Distinguishing between bipolar disorder and moodiness

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Distinguishing between bipolar disorder and moodiness

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How would I distinguish whether or not my child has depression, just irritable ups and downs, or actually has a serious disorder like maniac depressive illness, bipolar disorder? Really it´s a matter of degree. What we are looking for are children who are so agitated and depressed that it interferes with their functioning. I have kids who are so aggressive that their moms and dads tell me that they are actually afraid of their children, even as young as four years of age. I worked with a child who actually challenged his teacher to such a degree that she ran out of the room because she dídn´t know how to control this child and was fearful for the safety of herself and the children in the classroom. When you have bipolar disorder, you have kids who have a grandiose sense of who they are. Some kids think they are superman and try to fly off buildings. Other kids, they feel pressured to talk or they go ahead and sleep very little. Sometimes they draw pictures with very graphic, violent depictions. If you have a question about whether your child suffers from bipolar disorder, please check my website. There is a checklist about 15 items, and if your child matches any seven of those items, I would suggest that you go ahead and get some assessment to see if your child is indeed impacted by bipolar disorder. What we know is that this is a disorder that children do not outgrow. But we can help. We can offer medication and counseling. And with appropriate intervention, these kids can lead a full and functioning life.

View Esther Hess, PhD's video on Distinguishing between bipolar disorder and moodiness...

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Esther Hess, PhD

Pediatric Psychologist

Dr. Esther Hess is a developmental psychologist. She specializes in the assessment, diagnosis and treatment of children with developmental delays, regulatory disorders and language impairment, specifically autism, Asperger’s Disorder and Pervasive Developmental Disorder, not otherwise specified.  In addition, she treats various psychological ailments including, affective disorders, selective mutism, school phobias, attention deficit disorder, non-verbal learning disorders and difficulties as related to childhood response to parental divorce. Her expertise is in the utilization and application of a developmentally based psychotherapy (the DIR model) as devised by Dr. Stanley Greenspan. This model, conceptualized as Floor Time, takes into consideration the various underlying elements that may be impeding the child including where he/she is at developmentally, various biological constraints, and the relationship between the child and the parent.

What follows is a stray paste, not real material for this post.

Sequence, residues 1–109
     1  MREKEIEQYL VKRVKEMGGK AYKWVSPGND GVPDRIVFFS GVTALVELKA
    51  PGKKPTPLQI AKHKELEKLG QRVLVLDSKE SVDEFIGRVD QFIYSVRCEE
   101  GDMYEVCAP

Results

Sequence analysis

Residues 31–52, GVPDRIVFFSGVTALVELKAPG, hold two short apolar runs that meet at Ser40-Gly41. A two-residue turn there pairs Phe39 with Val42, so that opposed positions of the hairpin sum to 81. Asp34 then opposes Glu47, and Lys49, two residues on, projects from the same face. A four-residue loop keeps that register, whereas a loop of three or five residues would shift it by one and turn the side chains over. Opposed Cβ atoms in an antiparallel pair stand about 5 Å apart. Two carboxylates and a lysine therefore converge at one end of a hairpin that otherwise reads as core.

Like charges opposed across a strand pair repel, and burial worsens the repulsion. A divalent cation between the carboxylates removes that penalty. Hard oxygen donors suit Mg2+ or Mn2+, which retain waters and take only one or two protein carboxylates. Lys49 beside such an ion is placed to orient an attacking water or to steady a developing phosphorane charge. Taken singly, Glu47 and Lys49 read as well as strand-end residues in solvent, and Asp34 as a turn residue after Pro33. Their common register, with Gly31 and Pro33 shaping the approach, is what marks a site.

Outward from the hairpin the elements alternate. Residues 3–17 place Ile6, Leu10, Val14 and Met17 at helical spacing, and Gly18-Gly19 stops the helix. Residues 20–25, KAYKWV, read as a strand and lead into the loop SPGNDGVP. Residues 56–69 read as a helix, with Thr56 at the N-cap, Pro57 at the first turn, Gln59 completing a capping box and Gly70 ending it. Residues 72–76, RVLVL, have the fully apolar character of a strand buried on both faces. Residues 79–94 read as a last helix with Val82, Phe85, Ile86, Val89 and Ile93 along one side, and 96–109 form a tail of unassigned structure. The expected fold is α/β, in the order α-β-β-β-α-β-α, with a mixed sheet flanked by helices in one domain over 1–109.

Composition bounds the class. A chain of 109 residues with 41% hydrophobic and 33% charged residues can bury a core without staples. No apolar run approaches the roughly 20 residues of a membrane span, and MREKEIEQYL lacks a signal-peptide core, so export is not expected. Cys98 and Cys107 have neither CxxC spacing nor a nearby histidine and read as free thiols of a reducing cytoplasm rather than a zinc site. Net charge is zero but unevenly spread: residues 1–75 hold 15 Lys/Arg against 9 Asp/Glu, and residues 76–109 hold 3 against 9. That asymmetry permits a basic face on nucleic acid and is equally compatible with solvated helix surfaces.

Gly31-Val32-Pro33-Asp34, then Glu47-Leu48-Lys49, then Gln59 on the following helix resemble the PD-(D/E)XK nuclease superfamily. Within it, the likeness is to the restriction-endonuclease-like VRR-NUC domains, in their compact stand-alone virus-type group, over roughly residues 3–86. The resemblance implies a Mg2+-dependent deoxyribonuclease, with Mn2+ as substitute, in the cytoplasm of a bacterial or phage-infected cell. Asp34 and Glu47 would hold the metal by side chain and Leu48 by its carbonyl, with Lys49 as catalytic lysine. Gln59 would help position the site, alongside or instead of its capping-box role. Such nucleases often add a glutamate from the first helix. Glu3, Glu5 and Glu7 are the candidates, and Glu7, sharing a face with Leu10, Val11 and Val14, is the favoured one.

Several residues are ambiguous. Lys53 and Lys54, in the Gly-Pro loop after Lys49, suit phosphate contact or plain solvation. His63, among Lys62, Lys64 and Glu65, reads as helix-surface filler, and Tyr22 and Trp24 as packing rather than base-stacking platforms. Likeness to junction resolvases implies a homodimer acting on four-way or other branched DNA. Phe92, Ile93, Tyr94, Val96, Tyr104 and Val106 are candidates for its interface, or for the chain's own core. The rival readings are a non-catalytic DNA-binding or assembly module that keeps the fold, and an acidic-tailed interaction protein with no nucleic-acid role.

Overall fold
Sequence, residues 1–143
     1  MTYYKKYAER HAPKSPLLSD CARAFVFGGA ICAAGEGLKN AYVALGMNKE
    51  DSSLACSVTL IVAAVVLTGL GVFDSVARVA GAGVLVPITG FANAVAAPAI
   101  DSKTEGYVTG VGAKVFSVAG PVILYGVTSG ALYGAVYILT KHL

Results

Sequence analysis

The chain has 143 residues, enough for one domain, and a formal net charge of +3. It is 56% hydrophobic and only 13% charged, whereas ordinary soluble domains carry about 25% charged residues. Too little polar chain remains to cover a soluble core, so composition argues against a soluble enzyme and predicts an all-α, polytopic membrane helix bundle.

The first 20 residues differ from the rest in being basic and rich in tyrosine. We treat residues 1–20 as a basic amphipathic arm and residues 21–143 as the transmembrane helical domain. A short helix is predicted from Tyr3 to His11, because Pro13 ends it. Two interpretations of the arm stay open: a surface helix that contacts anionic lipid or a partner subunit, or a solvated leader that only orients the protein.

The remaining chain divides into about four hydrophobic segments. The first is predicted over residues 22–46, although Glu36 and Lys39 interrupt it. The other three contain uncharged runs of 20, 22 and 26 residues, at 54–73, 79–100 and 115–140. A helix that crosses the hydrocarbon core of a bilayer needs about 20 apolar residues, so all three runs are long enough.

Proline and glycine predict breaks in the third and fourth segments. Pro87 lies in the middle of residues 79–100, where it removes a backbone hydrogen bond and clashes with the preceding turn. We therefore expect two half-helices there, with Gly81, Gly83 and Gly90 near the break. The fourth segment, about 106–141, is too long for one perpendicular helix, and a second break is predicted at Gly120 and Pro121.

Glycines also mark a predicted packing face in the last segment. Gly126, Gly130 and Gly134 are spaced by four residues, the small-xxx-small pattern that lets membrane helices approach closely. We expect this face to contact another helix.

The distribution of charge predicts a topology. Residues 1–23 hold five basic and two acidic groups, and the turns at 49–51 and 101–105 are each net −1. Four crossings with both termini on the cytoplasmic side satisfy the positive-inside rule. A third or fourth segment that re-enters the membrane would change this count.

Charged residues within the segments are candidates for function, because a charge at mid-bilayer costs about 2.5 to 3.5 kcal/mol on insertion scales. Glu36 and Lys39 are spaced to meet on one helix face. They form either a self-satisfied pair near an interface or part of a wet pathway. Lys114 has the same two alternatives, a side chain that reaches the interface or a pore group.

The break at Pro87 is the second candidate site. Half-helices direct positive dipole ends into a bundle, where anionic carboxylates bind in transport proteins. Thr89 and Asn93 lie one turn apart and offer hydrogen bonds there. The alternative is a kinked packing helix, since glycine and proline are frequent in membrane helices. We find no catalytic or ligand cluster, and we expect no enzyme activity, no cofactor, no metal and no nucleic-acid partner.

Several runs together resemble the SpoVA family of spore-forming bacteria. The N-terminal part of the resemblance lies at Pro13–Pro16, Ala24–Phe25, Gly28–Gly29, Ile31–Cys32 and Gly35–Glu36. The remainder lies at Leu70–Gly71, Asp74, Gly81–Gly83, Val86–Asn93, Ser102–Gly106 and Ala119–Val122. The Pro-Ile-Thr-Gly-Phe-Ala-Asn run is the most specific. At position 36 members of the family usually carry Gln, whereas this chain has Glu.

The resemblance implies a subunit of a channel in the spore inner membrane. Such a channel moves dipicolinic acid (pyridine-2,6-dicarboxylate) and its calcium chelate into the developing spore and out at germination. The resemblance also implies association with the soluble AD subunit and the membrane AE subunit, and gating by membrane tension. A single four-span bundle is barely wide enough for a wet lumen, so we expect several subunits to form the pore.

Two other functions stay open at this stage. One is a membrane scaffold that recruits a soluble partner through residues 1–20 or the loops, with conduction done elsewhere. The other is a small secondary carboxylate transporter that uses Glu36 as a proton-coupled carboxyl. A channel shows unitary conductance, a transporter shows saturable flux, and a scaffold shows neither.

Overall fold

In addition to working with the impacted person, Dr. Hess interfaces with the entire family and coordinates the efforts of the various members of team specialists who assist in boosting the impacted individual’s developmental lag.  She is currently one of Dr. Greenspan’s Senior Clinicians on the West Coast, certified in  D.I.R./Floor Time and has trained parents, interventionists and clinicians both nationally and internationally in the developmental/relational method known as Floor Time.  Dr. Hess is the executive director of a multidisciplinary treatment facility in West Los Angeles, Center for the Developing Mind.

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